Letters to Dentistry Online – are NHS dentists busy or not?
Opinion on whether NHS dentistry should return is mixed. Dentistry Online is receiving numerous correspondence on the matter. Here is one such letter from an anonymous dentist.
As a private dentist with no NHS or even capitation commitment, my colleagues and I have been working at close to normal capacity of work since 1 July 2020 when we were allowed to return to work by the Welsh government.
We do so safely with no COVID, as yet, affecting our staff. The HIW (Welsh equivalent of the CQC) has recently reviewed and deemed safe our protocols.
We are currently very busy (and stressed) because NHS dentists are unable to treat their own patients.
Worse, we hear some NHS contracted dentists are refusing to treat NHS patients, but still continue to treat privately (or even convert NHS to private). If true, that is immoral and unprofessional.
My colleagues and I received no furlough for ourselves, no self-employed subsidy and little by way of loans or relief at any point during this pandemic.
Most NHS dentists are self-employed businesses who, unlike my own, have received massive tax payer subsidy by way of their UDA payments ongoing despite minimal working.
I know many are working hard to look after emergencies and claim to be working ‘flat out’. Yet they complain when the government scales the UDA fee ‘furlough’ back.
They claim they cannot work with this lesser subsidy (I deliberately call it that, as UDA payment without work output is simply that) because of patient non-attendance.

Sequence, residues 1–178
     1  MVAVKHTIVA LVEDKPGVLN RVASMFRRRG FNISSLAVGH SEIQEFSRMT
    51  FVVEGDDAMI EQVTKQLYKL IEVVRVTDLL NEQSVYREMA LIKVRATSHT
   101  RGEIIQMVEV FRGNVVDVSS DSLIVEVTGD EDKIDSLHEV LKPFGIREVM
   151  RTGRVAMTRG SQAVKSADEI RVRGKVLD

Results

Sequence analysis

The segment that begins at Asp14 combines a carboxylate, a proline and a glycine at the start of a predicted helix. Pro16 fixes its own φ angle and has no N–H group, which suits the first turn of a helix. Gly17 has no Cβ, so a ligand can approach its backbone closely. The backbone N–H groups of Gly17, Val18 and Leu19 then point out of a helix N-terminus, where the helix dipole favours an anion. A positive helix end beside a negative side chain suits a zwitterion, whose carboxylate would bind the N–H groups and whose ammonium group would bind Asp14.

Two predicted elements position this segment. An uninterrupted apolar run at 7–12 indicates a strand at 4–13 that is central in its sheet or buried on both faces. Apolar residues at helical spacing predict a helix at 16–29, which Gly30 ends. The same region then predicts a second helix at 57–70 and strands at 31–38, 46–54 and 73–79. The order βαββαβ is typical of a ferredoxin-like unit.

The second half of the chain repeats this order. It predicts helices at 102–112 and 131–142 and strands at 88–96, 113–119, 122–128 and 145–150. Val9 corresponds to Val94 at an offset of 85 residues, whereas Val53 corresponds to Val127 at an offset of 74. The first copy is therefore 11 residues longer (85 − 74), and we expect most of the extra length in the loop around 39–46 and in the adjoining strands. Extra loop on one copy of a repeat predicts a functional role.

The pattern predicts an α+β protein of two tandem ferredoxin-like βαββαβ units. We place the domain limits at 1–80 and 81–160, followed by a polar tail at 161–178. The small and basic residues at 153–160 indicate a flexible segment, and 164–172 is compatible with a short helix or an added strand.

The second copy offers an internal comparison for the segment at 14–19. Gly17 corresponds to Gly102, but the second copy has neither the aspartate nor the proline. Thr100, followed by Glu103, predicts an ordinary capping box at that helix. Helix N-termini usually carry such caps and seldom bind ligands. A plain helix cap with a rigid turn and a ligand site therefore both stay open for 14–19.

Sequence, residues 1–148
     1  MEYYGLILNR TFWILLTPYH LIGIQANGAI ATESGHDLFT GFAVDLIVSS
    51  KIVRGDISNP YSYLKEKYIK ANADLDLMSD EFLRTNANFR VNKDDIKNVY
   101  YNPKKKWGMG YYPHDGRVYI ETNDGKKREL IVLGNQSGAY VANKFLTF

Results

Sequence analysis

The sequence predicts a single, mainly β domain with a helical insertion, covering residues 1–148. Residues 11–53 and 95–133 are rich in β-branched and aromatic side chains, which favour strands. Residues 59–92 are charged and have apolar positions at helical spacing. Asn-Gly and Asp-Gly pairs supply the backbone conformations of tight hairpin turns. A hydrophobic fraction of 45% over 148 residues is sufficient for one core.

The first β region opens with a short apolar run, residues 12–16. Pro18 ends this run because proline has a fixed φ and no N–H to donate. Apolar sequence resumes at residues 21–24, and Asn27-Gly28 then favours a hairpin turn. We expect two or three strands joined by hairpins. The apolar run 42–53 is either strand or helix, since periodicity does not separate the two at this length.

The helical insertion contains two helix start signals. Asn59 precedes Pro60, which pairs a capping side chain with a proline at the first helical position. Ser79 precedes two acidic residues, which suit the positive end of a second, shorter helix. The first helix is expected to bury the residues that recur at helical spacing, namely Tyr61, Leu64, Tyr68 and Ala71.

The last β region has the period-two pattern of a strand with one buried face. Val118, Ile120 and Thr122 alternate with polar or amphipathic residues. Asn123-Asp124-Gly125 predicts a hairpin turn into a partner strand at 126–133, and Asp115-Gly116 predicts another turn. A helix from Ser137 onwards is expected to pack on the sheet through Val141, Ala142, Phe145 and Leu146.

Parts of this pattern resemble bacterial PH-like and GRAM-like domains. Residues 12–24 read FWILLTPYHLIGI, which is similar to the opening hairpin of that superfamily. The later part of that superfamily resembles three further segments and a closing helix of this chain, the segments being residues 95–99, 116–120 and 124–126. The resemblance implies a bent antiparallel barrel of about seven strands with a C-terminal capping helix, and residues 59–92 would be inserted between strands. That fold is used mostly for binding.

I do not understand – are they busy or are they not?
They have all had opportunity for vaccinations (largely offered before private dental teams). And we have all had to invest in equipment and PPE.
Do they not realise colleagues who have to work, are working. As such it makes a mockery of their claim of unfairness?
This favouritism by government(s) towards NHS self-employed contractors is essentially unfair. It is driving a wedge through the profession.
The government should either, in my opinion, employ dentists or respect the self-employed business status.
If the latter, any financial support or subsidy (including the offer to buy COVID safety equipment) should be across the board. Few dentists in Wales, for example, can even get an NHS list. Those relying on capitation income and yet not working (but expecting patients to continue with monthly payments) are being unfair and non-contractual.
The government by its actions are, therefore, being positively discriminatory.
If only we could all be so well supported and grateful for all that has been given. Rather than petulant when the government takes some of it away.
Dr B (Wales)
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